Anthony Sherman thought he was making a serious point blasting the National Football League, but he missed the mark badly.
The retired fullback took to Twitter on Saturday and compared the use of differently colored wristbands during NFL training camps to denote COVID-19 vaccination status to racial segregation.
“The @NFL is making players wear colored wrist bands now based on vaccination status,” Sherman tweeted Saturday. “Funny, I thought we all agreed on the evils of segregation back in the 60s. Here we are again- only this time it’s based on personal health choices instead of skin color.”
Sherman is speaking about the decision multiple teams have made about having their vaccinated players wear a wristband of one color, with unvaccinated players wearing a wristband of a different color.
Cleveland Browns center JC Tretter, the president of the NFL Players Association criticized the NFL on Thursday over the issue of the differently colored wristbands, calling it “kind of a nonsensical idea.”
The reactions to Sherman’s tweet have largely been negative, with many pointing out how skin color and ethnicity is not a choice while deciding whether to get a vaccine is.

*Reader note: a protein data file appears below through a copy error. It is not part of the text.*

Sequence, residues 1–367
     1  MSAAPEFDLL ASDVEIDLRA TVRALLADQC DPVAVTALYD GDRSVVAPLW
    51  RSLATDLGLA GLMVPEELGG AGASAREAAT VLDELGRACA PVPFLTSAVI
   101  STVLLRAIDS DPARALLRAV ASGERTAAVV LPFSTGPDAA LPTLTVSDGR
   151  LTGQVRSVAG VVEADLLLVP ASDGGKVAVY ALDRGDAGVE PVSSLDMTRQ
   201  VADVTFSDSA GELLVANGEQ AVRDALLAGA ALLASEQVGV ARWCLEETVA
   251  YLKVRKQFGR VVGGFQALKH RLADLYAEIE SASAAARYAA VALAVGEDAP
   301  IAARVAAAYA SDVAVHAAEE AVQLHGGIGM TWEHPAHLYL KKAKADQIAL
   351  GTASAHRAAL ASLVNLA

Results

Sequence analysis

After heavy backlash, he tried to clear up what he was trying to say:
“It is clear my words have been twisted and spun to mean something I did not say nor intend.
I NEVER said that segregating players based on vaccination status was AS BAD as racism and the segregation of the 60s. What I was drawing out was a principled point that segregation based their team forfeits the game and all game checks associated with that game.”
(Which now that it’s been made clear that vaccinated people are just as likely – and in some cases MORE LIKELY – to spread the virus IS ASININE.)
Effectively, unvaccinated NFL players are made second-class citizens within the league.
Recalling the DEFINITION of segregation: the separation or isolation of a race, CLASS, or ethnic group by enforced or voluntary residence in a restricted area, by barriers to social intercourse, by separate educational facilities, or by other discriminatory means.
THIS is the point I was making in my previous tweet. Segregating the unvaccinated from the vaccinated is discrimination based on personal medical choice. It is not only wrong, it is unAmerican.”
The 32-year-old Sherman played 10 years in the NFL from 2011-20. All but two of those seasons were with the Kansas City Chiefs, with his first two being with the Arizona Cardinals.
In his career, Sherman caught 66 passes for 552 yards with four touchdowns and added 28 carries for 73 yards and one rushing touchdown.